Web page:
Emotional Ronnie O’Sullivan shrugged off a stirring fightback from Judd Trump to claim a record-equalling seventh World Snooker title at the Crucible.
O’Sullivan had seen a seven-frame overnight lead reduced to just three by Trump in the afternoon session before recovering when play resumed in the evening to polish off an 18-13 win.
O’Sullivan shared a lingering embrace lasting more than a minute with Trump after getting over the line with a break of 83, before also greeting his children who ran into the arena to share his moment.
“I didn’t really feel like the favourite to win,” insisted O’Sullivan. “I doubted myself a little bit, so to finally get a result like I did is special.
“I’ve grown up with Judd, we’ve shared a lot of time on the practice tables so to hear the words he said to me afterwards, I didn’t realise what that meant to him. It was nice to hear I was part of his development and it was a special moment – he choked me up.”
With victory the 46-year-old matched Stephen Hendry’s modern day record, picked up a £500,000 winner’s cheque, and surpassed Ray Reardon to become the oldest world champion in history.
Yet victory was far from a formality for O’Sullivan. Despite sailing into the final day with a 12-5 advantage, some question marks lingered after a tempestuous opening session on Sunday, in which he appeared irritated and clashed with referee Olivier Marteel.
World Snooker Tour officials have confirmed they will take no further action after Marteel issued O’Sullivan a formal warning for a lewd gesture in the eighth frame, which O’Sullivan vehemently denied, doubling down on his affront in a subsequent television interview.
The incident marred recognition of a ruthless first day performance by O’Sullivan, who punished a series of misses by Trump to win a streak of seven frames out of nine, and raised the prospect of becoming only the fourth player to beat his final opponent with a session to spare.
Trump had other ideas, and gradually ensured that attention turned to whether the 32-year-old could mount what would have been the biggest final comeback since Dennis Taylor’s recovery from eight frames down to sink Steve Davis in 1985.
Trump won the first three frames of the day and although a sluggish O’Sullivan stopped the rot, he still looked far from comfortable, producing the pivotal error in the next frame when he fired a red well wide as Trump loomed ever closer at 13-9.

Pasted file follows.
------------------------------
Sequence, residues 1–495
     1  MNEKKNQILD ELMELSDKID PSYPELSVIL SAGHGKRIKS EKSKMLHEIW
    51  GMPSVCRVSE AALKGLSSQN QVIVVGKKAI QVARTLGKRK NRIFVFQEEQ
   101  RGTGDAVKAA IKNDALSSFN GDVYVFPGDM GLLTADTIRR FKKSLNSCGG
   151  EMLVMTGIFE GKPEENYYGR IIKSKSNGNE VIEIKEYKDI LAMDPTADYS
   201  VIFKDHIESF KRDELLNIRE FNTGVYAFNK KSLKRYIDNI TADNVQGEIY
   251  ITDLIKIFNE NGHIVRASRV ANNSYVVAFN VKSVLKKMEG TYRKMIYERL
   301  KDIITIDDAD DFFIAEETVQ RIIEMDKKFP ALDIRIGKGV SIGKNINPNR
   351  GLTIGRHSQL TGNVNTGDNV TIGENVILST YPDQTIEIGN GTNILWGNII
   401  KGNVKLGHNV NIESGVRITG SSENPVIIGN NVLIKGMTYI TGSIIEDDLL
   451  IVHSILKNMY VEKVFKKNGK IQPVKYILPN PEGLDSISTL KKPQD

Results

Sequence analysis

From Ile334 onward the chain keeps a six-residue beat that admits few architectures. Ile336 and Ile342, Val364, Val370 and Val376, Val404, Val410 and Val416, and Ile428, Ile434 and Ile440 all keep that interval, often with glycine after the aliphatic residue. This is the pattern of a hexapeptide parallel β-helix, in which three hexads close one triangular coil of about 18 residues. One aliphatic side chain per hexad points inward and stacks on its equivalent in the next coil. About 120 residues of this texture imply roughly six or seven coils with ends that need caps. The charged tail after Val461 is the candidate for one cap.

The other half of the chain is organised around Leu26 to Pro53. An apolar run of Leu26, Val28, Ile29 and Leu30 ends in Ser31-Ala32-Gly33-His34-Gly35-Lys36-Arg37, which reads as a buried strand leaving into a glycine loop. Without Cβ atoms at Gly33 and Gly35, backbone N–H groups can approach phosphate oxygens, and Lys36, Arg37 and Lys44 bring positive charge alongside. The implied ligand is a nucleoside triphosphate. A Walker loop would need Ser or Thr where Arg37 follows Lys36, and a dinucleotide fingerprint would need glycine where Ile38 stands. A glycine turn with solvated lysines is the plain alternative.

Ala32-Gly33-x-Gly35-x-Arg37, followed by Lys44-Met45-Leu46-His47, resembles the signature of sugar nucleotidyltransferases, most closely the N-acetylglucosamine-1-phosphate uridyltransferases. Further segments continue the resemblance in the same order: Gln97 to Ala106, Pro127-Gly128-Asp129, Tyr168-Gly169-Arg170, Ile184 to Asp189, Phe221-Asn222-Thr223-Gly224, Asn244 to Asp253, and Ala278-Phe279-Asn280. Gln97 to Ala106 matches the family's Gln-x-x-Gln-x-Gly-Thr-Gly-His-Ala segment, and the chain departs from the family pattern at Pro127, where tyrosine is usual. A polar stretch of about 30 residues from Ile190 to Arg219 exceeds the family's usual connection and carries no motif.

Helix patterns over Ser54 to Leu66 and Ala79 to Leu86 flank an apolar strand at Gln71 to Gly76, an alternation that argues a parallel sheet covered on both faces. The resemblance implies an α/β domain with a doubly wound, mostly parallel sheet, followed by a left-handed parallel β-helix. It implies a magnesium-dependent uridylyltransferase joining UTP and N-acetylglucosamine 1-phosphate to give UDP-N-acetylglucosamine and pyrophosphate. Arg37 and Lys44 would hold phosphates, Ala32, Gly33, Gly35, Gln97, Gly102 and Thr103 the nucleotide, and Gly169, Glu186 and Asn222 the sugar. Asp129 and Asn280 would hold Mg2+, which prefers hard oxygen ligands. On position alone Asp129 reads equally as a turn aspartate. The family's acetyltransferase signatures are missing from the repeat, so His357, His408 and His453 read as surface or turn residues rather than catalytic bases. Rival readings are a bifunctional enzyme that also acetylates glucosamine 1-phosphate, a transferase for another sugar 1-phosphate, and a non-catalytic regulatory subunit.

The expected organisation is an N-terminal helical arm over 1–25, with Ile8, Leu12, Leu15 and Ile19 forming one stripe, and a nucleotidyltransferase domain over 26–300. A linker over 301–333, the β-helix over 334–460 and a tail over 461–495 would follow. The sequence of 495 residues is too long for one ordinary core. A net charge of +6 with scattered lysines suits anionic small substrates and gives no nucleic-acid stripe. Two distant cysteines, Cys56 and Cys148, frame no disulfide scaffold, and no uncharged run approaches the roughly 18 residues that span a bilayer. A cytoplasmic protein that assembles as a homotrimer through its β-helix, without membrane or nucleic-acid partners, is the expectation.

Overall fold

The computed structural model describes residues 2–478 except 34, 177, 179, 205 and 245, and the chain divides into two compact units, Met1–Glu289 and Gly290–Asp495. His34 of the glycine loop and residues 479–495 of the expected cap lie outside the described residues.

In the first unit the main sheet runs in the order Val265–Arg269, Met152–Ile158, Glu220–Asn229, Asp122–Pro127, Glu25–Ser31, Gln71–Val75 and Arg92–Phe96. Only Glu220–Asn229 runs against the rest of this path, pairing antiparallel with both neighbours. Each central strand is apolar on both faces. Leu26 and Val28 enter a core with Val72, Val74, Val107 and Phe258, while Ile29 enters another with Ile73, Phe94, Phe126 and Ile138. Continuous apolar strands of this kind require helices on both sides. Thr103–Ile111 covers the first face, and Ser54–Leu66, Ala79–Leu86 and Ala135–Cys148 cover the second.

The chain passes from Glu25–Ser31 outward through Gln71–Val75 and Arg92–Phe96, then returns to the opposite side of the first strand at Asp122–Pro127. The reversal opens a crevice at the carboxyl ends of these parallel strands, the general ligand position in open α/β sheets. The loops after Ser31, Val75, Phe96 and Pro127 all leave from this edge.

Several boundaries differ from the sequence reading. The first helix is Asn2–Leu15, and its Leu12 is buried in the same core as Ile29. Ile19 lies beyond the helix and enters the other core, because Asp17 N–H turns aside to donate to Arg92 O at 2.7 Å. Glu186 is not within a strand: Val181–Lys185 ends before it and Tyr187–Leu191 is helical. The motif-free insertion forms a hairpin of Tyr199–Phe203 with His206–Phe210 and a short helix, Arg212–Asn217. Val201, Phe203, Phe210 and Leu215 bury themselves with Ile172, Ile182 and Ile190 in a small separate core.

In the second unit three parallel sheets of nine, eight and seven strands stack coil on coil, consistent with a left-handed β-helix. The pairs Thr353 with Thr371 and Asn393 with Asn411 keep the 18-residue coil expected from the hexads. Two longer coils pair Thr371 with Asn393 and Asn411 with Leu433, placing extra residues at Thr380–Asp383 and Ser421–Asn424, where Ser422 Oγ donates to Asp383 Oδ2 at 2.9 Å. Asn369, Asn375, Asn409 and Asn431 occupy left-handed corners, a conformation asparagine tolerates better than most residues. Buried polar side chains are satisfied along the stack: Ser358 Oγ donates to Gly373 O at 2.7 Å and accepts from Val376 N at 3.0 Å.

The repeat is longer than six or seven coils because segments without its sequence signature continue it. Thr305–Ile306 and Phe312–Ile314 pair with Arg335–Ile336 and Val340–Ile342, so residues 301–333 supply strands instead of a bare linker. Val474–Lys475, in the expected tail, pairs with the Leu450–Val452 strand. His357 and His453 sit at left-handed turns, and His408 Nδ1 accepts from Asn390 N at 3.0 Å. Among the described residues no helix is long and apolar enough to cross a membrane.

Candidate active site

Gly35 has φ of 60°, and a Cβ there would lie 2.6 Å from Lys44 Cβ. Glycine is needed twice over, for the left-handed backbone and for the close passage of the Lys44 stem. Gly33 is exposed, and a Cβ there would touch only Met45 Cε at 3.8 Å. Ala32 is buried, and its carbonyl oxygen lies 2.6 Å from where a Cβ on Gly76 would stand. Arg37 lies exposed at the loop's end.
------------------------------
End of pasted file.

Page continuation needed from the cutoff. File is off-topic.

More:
A nerve-jangling clearance from Trump, in response to O’Sullivan leaving a black dangling over the top pocket, made it 13-10, and the pair shared the last two frames of an engrossing afternoon to leave Trump with a glimmer of hope having cut the overnight lead by more than half.
But in front of a packed and suitably raucous Crucible crowd, O’Sullivan immediately eased the pressure by taking the first two frames in the evening with breaks of 82 and 88, each time building on errors by Trump who not unreasonably determined that his hopes of completing a fantasy fightback lay in going for broke.
Trump would win two of the next three, and ensured another bit of history by delivering a record-breaking 109th century of the tournament – fittingly, with a clearance of 109 – to close the gap to 17-13 before O’Sullivan got over the line.
“I’ve had a good record here over the last 10 years, so it’s going all right,” added O’Sullivan.
“Honestly, it (the record) has never been something on my mind. I didn’t come here to equal Stephen Hendry’s record, I came here to play snooker and to be honest I found it very, very tough.”
Trump admitted he had left himself with too much to do in the evening session but paid tribute to O’Sullivan, whom he predicted could go on to surpass the record he now shares with Hendry.
“I tried my best to get back into it but I left it a little bit too late,” said Trump. “I gave it my all and I knew it was going to be tough, but I didn’t get the start I needed.
“I’m just proud of how I managed to get through a couple of tough battles not being at my best. From looking like a disappointing tournament at the start I managed to turn it into a bit of a positive one.
“It wouldn’t surprise me if (Ronnie) goes out and beats the record now. The level he’s played, apart from Mark Williams he was different class to everyone in this tournament and it only ever looked like there was going to be one winner.”
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